American Nightmare became cultural figures within the scene following ‘Background Music’, and would influence a slew of bands in their wake from Killing The Dream and Defeater, to Touché Amore and Dead Swans. In the years that followed the band faced many tough situations, including having to change their name to Give Up The Ghost due to a dispute over the rights to American Nightmare, and then of course there was the well-documented lawsuit with Fall Out Boy after they unashamedly used some of Wes Eisold’s lyrics (just Google it, enough has been said about it, and the past is the past now). They released their starkly different swansong album ‘We’re Down Till We’re Underground’ in 2003, and then called it a day shortly after to move on to other projects. Yet the legacy of ‘Background Music’ remains unsullied 14 years after it’s release. It truly was a groundbreaking album that will forever be remembered in the annals of punk rock history, and now is the perfect time to reacquaint yourself with it before American Nightmare visit our shores later this year. Tell the boy’s I’ll see them soon.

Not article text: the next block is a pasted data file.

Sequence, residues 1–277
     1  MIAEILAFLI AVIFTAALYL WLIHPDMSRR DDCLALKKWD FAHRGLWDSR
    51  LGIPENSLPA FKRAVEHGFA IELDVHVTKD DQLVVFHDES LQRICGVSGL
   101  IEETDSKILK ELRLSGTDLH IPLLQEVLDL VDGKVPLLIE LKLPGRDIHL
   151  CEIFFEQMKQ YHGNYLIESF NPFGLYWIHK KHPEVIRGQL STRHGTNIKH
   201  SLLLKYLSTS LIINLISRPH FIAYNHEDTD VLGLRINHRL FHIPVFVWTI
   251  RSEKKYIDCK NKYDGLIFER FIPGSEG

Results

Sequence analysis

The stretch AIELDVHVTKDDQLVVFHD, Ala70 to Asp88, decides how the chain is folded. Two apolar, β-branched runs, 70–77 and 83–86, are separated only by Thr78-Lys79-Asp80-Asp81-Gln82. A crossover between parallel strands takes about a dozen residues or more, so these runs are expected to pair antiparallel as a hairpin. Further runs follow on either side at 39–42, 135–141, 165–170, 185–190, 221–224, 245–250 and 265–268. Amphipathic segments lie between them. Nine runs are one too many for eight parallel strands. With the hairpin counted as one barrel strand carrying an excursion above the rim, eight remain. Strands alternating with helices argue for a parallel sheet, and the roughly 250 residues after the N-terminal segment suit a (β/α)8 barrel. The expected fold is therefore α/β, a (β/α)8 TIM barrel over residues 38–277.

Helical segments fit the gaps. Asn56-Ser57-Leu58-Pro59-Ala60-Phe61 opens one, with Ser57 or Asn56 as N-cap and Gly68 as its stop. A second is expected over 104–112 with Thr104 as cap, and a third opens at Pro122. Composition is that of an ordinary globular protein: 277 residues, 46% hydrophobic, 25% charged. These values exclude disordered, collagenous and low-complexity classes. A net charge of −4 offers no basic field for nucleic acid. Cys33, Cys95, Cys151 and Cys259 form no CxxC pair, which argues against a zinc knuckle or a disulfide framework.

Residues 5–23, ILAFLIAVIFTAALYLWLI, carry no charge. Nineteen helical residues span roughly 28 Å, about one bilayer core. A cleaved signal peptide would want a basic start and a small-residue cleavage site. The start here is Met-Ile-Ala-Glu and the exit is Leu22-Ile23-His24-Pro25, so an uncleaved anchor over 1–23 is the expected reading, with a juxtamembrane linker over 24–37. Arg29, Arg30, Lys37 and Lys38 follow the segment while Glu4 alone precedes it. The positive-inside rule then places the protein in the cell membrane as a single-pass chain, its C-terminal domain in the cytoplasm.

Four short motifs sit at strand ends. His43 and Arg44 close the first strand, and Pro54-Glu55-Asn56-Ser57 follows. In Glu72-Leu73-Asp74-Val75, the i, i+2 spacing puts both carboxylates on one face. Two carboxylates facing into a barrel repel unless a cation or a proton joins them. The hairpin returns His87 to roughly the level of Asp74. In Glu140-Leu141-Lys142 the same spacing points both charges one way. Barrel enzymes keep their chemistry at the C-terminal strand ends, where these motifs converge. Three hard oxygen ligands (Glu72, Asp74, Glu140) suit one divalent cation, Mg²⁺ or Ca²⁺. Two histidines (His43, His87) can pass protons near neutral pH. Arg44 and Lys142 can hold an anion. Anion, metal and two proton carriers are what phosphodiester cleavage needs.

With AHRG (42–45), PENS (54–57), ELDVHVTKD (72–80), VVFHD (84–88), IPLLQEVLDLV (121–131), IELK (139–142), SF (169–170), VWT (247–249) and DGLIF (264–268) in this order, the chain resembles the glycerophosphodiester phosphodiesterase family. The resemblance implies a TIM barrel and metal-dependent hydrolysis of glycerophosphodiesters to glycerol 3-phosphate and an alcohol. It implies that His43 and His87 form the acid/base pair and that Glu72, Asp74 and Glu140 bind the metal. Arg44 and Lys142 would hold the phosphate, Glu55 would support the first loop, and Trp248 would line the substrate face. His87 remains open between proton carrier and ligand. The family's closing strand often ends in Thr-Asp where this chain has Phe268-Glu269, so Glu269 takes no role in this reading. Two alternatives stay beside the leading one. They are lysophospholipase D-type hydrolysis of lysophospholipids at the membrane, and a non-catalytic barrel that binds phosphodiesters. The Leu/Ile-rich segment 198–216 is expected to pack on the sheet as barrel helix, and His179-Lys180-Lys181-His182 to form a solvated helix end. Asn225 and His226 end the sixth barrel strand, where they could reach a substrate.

American Nightmare will play two nights at the Electric Ballroom on the 29th and 30th of April respectively, before heading to play Groezrock in Belgium. Tickets for the shows are on sale now.